Spanish TV viewers are exposed to potentially seizure-inducing visual sequences about seven times per hour, according to a study released this month at the 10th European Congress on Epileptology in London. The study was led by Jaime Parra, MD, PhD, an epilepsy specialist at Madrid’s Hospital La Zarzuela and Sanatorio Nuestra Señora del Rosario.
Dr. Parra and his team recorded 105 hours of broadcasts across seven channels, capturing four consecutive hours of morning programs on five consecutive days in January. A total of 738 instances were identified where viewers were exposed to visuals that did not meet the safety guidelines for visually induced seizures. The Harding Flash and Pattern Analyzer assessed flash rate, luminance (brightness), intensity of red images, and spatial patterns.
Of the 738 safety violations, 714 incidents involved bright flash. The study’s authors concluded that “Spanish broadcasters seem to be unaware of the risk of photosensitive epilepsy. National guidelines should be adopted to lower the risk of Spanish TV content triggering epileptic seizures in susceptible individuals.” The safest channel was dedicated to children’s programming. The investigators plan to bring their results to the attention of Spanish media and government officials as well as the Spanish public.
Results from the next stage of this project, which will involve analyzing the intensity of the visual stimuli that were recorded, will be presented at an upcoming meeting of the Spanish Neurological Society. The team also plans to assess television broadcasts in other European countries.
To read the poster summarizing the initial findings, click here.
The American epilepsy community makes information available on photosensitive seizures but in general doesn’t go out of its way to advocate for protecting consumers from visual media that can provoke seizures. Our epilepsy community doesn’t want to want to call too much attention to the risk of seizures from brightly flashing, visually overstimulating products and experiences. The priorities for public education and advocacy don’t include teaching the public about why video games contain those warnings.
But everybody wins–the “mainstream” epilepsy population, those with exclusively photosensitive seizures, and members of the public with a need to know–when epilepsy public education campaigns raise awareness of both types of epilepsy, in the context of the other.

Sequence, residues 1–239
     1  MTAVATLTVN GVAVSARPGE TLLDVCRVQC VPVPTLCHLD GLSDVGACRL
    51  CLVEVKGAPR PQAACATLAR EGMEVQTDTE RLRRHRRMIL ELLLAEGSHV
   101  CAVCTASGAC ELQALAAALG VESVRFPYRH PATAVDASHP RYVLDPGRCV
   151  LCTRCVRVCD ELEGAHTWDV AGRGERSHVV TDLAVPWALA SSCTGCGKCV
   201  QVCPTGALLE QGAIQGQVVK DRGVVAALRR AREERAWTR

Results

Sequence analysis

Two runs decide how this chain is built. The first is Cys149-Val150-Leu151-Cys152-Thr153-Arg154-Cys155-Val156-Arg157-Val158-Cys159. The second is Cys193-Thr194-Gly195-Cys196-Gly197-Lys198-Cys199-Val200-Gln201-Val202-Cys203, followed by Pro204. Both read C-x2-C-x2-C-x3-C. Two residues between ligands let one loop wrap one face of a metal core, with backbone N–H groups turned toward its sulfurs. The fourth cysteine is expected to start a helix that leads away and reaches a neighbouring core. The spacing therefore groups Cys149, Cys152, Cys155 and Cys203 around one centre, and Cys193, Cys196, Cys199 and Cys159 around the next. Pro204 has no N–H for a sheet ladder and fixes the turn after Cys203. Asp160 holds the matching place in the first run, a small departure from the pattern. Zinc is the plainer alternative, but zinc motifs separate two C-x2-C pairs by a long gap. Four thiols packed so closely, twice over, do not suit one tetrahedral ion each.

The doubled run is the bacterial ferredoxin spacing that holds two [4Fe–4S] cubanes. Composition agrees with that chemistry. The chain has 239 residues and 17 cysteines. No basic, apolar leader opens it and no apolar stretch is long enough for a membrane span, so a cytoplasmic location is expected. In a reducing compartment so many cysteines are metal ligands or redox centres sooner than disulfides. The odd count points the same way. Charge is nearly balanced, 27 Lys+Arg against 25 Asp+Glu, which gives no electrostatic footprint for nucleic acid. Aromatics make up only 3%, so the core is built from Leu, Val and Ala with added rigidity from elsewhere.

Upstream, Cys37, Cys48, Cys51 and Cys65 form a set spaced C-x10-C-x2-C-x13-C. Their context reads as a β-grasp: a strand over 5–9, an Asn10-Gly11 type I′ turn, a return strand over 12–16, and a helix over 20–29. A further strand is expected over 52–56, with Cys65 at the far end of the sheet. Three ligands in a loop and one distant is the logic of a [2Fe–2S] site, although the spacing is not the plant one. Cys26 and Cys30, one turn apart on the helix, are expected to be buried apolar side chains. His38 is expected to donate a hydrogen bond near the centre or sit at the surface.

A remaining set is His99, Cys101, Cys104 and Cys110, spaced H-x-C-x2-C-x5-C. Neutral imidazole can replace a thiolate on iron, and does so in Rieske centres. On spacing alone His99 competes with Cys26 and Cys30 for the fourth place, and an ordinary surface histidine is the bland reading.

Epilepsy doesn’t deserve its stigma and the notion that it’s an affliction exclusively of the seriously disabled. Raising awareness of epilepsy as a spectrum of seizure disorders that includes visually triggered seizures in otherwise healthy individuals could help engage the public and change misperceptions. And, much-needed photosensitivity education and advocacy can be most effectively delivered by established, well respected epilepsy organizations, as part of an overall public education program.
Here’s how I envision this:
- Part of photosensitivity education is making people aware they could already be having visually induced seizures they have never identified. People who learn about subtle, undetected seizures experienced with or without a visual trigger can seek medical assessment and treatment. People with undetected photosensitive seizures might come to understand the source of their unexplained symptoms during or shortly after being exposed to video games, TV, music videos, and other visual media.
- Those with no history of seizures and no idea they might be photosensitive would realize they should be mindful of unusual sensations and actions while exposed to lots of flash and pattern motion. Parents would be more vigilant about observing their children who are engaged in screen-based activities, and about asking them about possible symptoms of subtle seizures.